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Coronavirus Features

Social Connection During COVID

“Normally I would meet the people that are in my classes and build friendships with them, but it is impossible to get to know people over a class on zoom,” Digital Media Production major Kayla Hartman said.

There’s no doubt that the coronavirus global pandemic has changed the way people are living their lives. By adjusting to CDC guidelines and rules of the state, business, or school, social events and opportunities for social gatherings are limited to almost none.

We used to study on campus until late at night, but we were no longer able to do that because the building hours stopped allowing access very early and the library closed earlier,” Junior Marketing and Data Analytics double major Jordyn Conard said.

Drake University’s guidelines for the first semester of the 2020-2021 school year included no gatherings in dorms and masks worn at all times. Classes moved to a hybrid setting, social events were cancelled, welcome week for the freshmen was moved online or with limited attendance, sport seasons were either cancelled or no fans were allowed, plays were moved to livestreams instead of live audiences and much more was disrupted. 

This, of course, was for the safety of Drake students and the faculty. Ultimately though, it has changed how and with whom people interact. 

“Before coming to Drake, I was unable to make new friends due to quarantining,” Acting and Accounting double major Nick Mohammadi said.

Whether it was with new or old friends, the way people interact has altered.

“I think group Facetime and Zoom have been helpful to stay in contact with friends and family,” Hartman said. “My friends and I go and get coffee or food and hang out. We also are going to try and do Netflix Party and have a virtual movie night.” 

Like Hartman, many students are turning to virtual events and social media to connect with their friends. For some, communication has actually increased with their friends and family since the beginning of the restrictions.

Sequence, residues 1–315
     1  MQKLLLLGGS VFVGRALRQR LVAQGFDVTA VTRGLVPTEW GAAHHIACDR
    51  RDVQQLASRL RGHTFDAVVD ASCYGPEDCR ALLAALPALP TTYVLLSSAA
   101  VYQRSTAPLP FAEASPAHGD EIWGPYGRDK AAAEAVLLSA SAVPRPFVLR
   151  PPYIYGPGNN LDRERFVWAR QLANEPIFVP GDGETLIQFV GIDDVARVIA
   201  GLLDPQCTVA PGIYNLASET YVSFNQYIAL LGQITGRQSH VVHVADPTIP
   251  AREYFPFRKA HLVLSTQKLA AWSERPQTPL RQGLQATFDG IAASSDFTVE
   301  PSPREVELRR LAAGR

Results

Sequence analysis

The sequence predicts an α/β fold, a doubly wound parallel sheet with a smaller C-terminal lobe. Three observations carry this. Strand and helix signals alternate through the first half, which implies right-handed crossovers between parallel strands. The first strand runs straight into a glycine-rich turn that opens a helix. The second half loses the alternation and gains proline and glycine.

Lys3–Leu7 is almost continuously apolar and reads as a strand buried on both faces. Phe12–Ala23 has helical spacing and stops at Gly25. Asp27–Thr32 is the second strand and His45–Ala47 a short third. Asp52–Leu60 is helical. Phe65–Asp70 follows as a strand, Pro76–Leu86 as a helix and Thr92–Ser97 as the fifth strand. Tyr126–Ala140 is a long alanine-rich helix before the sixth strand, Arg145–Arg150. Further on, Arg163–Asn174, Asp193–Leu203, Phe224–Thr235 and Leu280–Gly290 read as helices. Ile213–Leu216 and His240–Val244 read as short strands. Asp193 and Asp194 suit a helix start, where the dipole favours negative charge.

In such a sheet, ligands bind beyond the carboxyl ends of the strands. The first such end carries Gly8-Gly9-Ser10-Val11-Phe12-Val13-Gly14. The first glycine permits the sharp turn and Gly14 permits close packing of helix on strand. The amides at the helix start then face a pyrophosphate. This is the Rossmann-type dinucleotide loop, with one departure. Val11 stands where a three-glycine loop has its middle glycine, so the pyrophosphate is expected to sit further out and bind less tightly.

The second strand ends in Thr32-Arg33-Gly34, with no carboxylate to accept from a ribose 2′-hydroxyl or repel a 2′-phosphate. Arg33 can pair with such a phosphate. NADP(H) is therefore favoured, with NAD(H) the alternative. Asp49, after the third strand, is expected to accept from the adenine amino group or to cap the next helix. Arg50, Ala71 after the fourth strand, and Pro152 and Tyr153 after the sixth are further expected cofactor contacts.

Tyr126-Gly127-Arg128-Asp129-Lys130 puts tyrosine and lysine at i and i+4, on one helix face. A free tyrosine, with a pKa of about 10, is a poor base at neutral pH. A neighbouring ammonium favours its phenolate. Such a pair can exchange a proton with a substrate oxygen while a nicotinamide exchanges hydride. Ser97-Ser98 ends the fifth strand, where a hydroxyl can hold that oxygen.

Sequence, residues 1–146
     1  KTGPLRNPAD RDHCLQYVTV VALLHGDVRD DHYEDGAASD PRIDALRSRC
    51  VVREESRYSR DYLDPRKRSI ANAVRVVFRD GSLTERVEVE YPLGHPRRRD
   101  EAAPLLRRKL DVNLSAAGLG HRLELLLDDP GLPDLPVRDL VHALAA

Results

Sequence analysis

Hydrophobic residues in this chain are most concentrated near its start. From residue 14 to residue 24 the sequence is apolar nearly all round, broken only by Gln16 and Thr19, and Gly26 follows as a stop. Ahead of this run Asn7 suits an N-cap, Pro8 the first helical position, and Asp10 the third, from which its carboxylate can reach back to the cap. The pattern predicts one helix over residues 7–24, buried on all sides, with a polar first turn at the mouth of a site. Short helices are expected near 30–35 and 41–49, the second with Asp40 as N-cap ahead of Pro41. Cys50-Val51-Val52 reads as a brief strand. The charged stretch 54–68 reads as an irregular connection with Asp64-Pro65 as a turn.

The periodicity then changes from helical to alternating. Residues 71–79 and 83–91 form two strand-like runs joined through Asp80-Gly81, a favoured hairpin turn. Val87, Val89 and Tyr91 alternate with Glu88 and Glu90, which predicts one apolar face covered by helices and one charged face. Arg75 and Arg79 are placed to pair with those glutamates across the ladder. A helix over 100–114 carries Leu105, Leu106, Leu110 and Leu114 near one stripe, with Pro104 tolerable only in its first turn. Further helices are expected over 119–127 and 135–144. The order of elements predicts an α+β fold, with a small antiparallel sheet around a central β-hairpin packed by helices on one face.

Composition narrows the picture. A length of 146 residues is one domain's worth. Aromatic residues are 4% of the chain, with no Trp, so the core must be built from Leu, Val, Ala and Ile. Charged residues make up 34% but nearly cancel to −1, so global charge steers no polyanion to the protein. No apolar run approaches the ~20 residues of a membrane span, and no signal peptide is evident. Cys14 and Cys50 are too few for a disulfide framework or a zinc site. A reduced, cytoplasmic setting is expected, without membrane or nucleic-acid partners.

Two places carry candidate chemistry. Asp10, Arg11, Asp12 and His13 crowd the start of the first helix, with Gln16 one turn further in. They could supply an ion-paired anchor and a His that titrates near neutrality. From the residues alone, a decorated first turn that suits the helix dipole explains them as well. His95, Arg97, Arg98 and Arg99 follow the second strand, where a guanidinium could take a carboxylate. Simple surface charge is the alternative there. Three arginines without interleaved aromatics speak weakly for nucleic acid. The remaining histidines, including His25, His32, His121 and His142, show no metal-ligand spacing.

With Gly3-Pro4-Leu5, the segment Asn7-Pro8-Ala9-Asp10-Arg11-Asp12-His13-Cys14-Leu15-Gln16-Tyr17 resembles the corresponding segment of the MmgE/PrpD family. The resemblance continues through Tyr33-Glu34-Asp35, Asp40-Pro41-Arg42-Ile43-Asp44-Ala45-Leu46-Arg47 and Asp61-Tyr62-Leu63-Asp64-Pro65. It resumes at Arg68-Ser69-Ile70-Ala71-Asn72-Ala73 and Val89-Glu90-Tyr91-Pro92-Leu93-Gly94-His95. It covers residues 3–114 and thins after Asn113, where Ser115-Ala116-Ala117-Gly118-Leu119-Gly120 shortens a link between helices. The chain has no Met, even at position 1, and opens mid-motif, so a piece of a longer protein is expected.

“Communication has definitely improved because so many things that held people back are no longer happening,” Acting major Davey Newell said.

However, for some people, virtual communication just isn’t the same as connecting with others in person.

“I enjoy quality time in person to a much higher degree than I like texting,” Mohammadi said. “Not being able to see people in person pushes me out my usual groove and forces me to go weeks without having a true interaction with my friends.”

Maintaining friendships and relationships when you can’t see them in person have their obvious struggles. Although, for Conard, her relationship with her boyfriend is still going strong. 

“We live five minutes away from each other, so it is very easy to see each other and hang out,” Conard said. “We still do homework together, get dinner, and just relax. We do more at-home dates to limit how often we are in public places.”

Whether the relationship is romantic or platonic, coronavirus safety regulations have caused growing popularity of new forms of communication and new struggles. 

“I think my biggest struggle would be keeping things fun and interesting,” Newell said. “When things become stagnant you lose interest and then the relationship or friendship fails.”

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